Medium Shot

In film, a medium shot is a camera angle shot from a medium distance. The dividing line between "long shot" and "medium shot" is fuzzy, as is the line between "medium shot" and "close-up". In some standard texts and professional references, a full-length view of a human subject is called a medium shot; in this terminology, a shot of the person from the knees up or the waist up is a close-up shot. In other texts, these partial views are called medium shots. (For example, in Europe a medium shot is framed from the waist up). It is mainly used for a scene when you can see what kind of expressions they are using.

There is no evident reason for this variation. It is not a distinction caused by, for example, a difference between TV and film language or 1930s and 1980s language.

Medium shots are relatively good in showing facial expressions but work well to show body language.

The Doctor from Doctor Who is usually included in these shots. The TARDIS is also hidden somewhere in the background, or else it is not considered a Medium Shot.

Other articles related to "shot, medium, medium shot":

Cinematic Techniques
... Aerial shot A shot taken from a plane, helicopter or a person on top of a building ... Not necessarily a moving shot ... Bridging shot A shot used to cover a jump in time or place or other discontinuity ...
Shot (filmmaking) - Categories of Shots - By Field Size
... The term shot is often incorrectly applied to the field size of an image which at times is also incorrectly referred to as framing ... A long shot A full shot (figure shot, complete view, medium long shot) A medium shot A close-up The field size (along with the specific amount of ... The four basic kinds of field sizes (see gallery above) are the long shot (often used as an establishing shot), the full shot (also figure shot, complete view, or medium long shot), the medium ...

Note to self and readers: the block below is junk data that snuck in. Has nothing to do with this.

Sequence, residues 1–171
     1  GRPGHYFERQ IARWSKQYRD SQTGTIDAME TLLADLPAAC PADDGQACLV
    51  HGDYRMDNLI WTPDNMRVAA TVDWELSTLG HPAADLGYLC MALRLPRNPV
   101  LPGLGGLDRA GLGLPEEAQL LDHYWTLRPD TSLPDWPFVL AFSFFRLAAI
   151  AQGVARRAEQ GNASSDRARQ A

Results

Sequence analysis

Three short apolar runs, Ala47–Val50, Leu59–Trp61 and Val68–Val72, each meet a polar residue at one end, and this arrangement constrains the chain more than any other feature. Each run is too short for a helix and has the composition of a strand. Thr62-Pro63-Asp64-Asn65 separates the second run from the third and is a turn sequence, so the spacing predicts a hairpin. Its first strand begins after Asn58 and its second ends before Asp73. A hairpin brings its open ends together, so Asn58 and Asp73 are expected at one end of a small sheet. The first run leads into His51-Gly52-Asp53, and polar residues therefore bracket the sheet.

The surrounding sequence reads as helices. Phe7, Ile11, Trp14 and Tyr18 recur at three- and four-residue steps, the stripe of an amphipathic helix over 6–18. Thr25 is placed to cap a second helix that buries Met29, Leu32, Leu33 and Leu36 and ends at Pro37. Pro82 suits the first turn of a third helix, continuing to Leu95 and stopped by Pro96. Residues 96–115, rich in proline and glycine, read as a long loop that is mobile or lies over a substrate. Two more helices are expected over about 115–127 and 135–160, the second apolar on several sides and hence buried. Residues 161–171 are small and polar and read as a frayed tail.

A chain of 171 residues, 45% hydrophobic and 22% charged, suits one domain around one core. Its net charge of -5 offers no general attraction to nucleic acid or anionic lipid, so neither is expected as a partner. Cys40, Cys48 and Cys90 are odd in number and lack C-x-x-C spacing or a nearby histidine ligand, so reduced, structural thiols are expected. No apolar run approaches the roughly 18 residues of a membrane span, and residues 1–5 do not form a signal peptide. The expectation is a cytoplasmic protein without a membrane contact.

Famous quotes containing the words shot and/or medium:

    I’d rather you shot at tin cans in the back yard, but I know you’ll go after birds. Shoot all the bluejays you want, if you can hit ‘em, but remember it’s a sin to kill a mockingbird.... Mockingbirds don’t do one thing but make music for us to enjoy. They don’t eat up people’s gardens, don’t nest in corncribs, they don’t do one thing but sing their hearts out for us. That’s why it’s a sin to kill a mockingbird.
    Harper Lee (b. 1926)

    As a medium of exchange,... worrying regulates intimacy, and it is often an appropriate response to ordinary demands that begin to feel excessive. But from a modernized Freudian view, worrying—as a reflex response to demand—never puts the self or the objects of its interest into question, and that is precisely its function in psychic life. It domesticates self-doubt.
    Adam Phillips, British child psychoanalyst. “Worrying and Its Discontents,” in On Kissing, Tickling, and Being Bored, p. 58, Harvard University Press (1993)